You can imagine that in this position of fully open, it might be easy for the body of the hairspring to be caught in between the reg pins if a large shock in the correct orientation is received, but look at what happens when the pins are rotated to a more normal position, where they are almost pinching the reg sweep of the hairspring, but not quite (just a little breathing room):


It should now be much harder for the body of the hairspring to jump into the slot, because now the slot is not parallel to the hairspring- in fact I cannot really imagine the body being caught in this slot if the pins are properly closed- is it possible that the body of the spring is catching all the way on the outside of the reg pins in the cases you have seen? Have you noticed how closed the pins are rotated in these cases? If not closed enough, then I certainly could see the body getting caught in the slot- with a shock. As you can see here- that is a phenomenal amount of movement by the hairspring body- and would thusly be caused by a phenomenal amount of shock:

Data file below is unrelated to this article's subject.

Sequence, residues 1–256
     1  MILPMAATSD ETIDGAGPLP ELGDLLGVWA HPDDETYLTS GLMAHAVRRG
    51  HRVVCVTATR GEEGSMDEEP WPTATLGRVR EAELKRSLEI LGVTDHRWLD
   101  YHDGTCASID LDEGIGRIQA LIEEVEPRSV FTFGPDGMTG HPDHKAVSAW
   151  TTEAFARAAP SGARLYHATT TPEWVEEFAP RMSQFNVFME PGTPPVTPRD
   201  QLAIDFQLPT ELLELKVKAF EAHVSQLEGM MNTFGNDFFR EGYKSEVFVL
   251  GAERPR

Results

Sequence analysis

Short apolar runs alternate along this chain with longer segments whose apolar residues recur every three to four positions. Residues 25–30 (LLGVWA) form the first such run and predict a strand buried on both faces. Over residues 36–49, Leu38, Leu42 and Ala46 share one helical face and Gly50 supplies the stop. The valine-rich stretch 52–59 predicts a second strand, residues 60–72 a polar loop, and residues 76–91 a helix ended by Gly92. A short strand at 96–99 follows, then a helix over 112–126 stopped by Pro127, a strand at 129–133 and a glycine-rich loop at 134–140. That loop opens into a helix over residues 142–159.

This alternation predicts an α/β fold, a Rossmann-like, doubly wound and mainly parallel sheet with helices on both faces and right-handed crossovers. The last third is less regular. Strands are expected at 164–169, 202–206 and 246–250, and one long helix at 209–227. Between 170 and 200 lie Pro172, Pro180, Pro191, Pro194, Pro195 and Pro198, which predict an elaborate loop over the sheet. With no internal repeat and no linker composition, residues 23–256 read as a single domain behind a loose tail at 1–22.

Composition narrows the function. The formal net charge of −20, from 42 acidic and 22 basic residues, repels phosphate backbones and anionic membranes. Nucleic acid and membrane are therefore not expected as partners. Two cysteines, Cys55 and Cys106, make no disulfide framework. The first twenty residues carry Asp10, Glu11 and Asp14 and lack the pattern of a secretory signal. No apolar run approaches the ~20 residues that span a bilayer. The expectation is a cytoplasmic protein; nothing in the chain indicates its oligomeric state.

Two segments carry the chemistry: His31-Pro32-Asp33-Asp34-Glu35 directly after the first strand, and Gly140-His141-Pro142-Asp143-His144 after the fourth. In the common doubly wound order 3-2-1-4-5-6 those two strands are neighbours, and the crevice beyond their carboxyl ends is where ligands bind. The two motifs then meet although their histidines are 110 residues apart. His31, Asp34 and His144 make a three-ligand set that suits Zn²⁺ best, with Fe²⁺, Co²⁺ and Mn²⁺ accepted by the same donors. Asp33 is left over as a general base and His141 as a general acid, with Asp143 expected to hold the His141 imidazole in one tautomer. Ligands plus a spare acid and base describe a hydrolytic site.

Again, I don't deny your problem, Rob, and while I sympathize (a lot of my day is spent undoing the actions of others against their timepeices), I don't know that Seiko should be receiving full blame for a faulty design or materials. The hairspring has to be a certain size and thickness to allow the watch to run properly, and a side-effect of this is that a massive shock to the watch can cause the hairspring to be shifted outside of it's normal oscillations. I don't think this makes the watch any less robust than it should be, if you want a watch that you can throw against a wall, buy a tennis ball, you have no place owning a timepiece, that's what I always say

--Noah R.
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Joined: April 23rd, 2006, 3:31 am

February 21st, 2010, 4:29 am #6

I know a lot of people want the 7s26B movement. It's newer, and yes, it runs more accurate.

Now I am selling "a few" Seiko watches, and I am also doing the service requests.

And I am NOT happy with the 7s26B.

O yes, it runs more accurate when it comes out of the factory. Seiko has realized that spending more time regulating movement is a good thing.
But what happens when you hit a nail with a hammer, wearing your beloved Seiko automatic watch with 7s26B movement.